Our trek back across the ocean was not very eventful but it was full of little exercises with the ships we were transiting with. The seas were rough but that’s what you can expect in the late fall season entering winter months. We managed to avoid all of the storms and stay on the good side of things. I did need to take a few motion sickness pills, but nothing too serious.
Once we transited the Atlantic we came sailing into Mayport FL, the whole strike group included… even the carrier. Pulling in, we brought family and friends of people from the ship onboard for a “Tiger Cruise”. I’m still not really sure how the Tiger Cruise got its name but its where we embark the friends and family and they get to sail with us for a few days, in this case from Mayport, Flordia to Norfolk, Virginia.
My dad sailed back from Newport RI a year before, and this time, I invited my best friend from college M, to join us for the deployment reunion. She of course, wanted to finally see what I do for a living, and she was very excited to meet me in Florida.
We had a grand time. They held all kinds of events with the strike group, we even did a full power run against all of the other ships to see who was fastest or realistically who was the least broke. Fighter jets performed an air show from the carrier and we conducted a UNREP for everyone to see what that is like as well. It was really a lot of fun. M was pretty impressed.
THE NIGHT BEFORE WE PULLED IN:
The night before we pulled in we did have a channel fever night, (although I don’t think it is anything like the English Channel fever the British do), but none the less there were events leading into the night and most importantly a very serious game of BINGO. J had, like always, bought $150 in bingo tickets and so he definitely needed help for his last chance to win.
I was really pulling for him this time since we had about 6 bingo games throughout the deployment and he had seriously paid no less than $100 on tickets per game and didn’t win one thing.
We were sitting on the mess decks and the big game was about to come up for a 46 inch TV and I was playing 6 of his cards when the captain tapped me on the shoulder. He said, “I just found out where you are going for your next tour, do you want to know?”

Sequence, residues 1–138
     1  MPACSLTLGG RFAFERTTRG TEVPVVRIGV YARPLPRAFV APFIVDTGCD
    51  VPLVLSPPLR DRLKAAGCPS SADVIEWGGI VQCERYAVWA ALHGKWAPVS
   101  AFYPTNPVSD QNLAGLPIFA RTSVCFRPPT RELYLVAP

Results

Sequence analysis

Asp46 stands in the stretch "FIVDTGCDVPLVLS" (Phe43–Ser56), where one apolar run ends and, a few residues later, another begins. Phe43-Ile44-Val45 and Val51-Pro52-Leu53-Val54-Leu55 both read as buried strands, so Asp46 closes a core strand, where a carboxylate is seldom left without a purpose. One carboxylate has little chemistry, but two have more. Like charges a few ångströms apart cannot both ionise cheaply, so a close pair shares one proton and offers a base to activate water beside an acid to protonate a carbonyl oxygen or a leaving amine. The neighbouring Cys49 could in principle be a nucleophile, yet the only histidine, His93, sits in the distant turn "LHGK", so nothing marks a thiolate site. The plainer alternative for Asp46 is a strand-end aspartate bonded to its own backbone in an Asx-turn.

I instantly became very nervous because I wasn’t sure if I wanted to know or not so I told him I would come up to his cabin to find out once the game was done. I was nervously looking at M and I told her I wanted her to come with me. She said she would.
After the game we walked up to the Captain’s cabin and the Executive Officer (XO) was in talking to him. I looked at them both expectantly, but I almost didn’t want them to say anything. The captain said, “You wanted to go to Japan didn’t you?”
I hesitantly said, “yes”.
He said, “Well you’re going to Sasebo, to an LSD (Amphibious landing ship dock)
I just stared back at him not even realizing I had been holding my breath. I was very torn. I had wanted Japan very much, but then when I got it, it became very overwhelming all at once too.
He told me about my next ship, one that I had never heard of, he told me I’d probably get my orders in the next few months, and then he said I could digest all of that and come back and talk to him later with more questions.
M and I walked out of there and I immediately went into freak out mode for the next 20 minutes. “Japan, Japan, JAPAN!” I’m moving to Japan for almost two years. I’m going to be living and communicating (or not communicating since I know not one Japanese word) in Japan for the next two years. Wow. That was just something to take in.
The night ended with me sitting in the one lone female officer bathroom stall ugly crying while M sat on lip to the shower (seriouly there isn’t even enough space for 2 people in this bathrom) trying to comfort me. There wasn’t much she could do, my emotions were frazzled.
Needless to say, I didn’t sleep very much the night before the end of my first 7 month deployment. When we pulled in, everything was a whirl. I felt like my life was on fast forward and I was watching everything happen from outside of myself. When we pulled into the pier I spotted my dad by the worn WVU hat I’d given last Christmas, bobbing in the crowd.
My mom was waving frantically beside him. They were looking for me but were unable to find me.
The brow was thrown across and the first group of people came on board. It was a very crisp, cool, winter day to finally be back home.
When I was finally able to get off the ship, I ran to greet my parents with M in tow and after we had hugged and said hello, I broke the news to them about my next tour.
My mom started crying, I should have known it would be an emotional day. She was just seeing me and I would be leaving again soon to live overseas. It was overwhelming for her too. We laughed a lot and I told them about some of the deployment and introduced them to the new officers. I don’t think my day calmed down at all until that night, when I finally got to sleep in my own bed again, after so long.
Coming back to the house to see everyone was great! My roommates were all there. The house was packed that night since we had my four boy roommates, me, M, and all of our family members.
It was a very sarcastic night too since we had not been able to make fun of each other for so long, aside from the emails.
The experience of a “Coming Home” is not one I will easily forget and nor do I take for granted all of the little things that mean so much. It was a great day to be A’mercn.
For a complete listing of all of my deployment articles Click the Link: MY FIRST DEPLOYMENT
This article appeared first on The Cassey Excursion.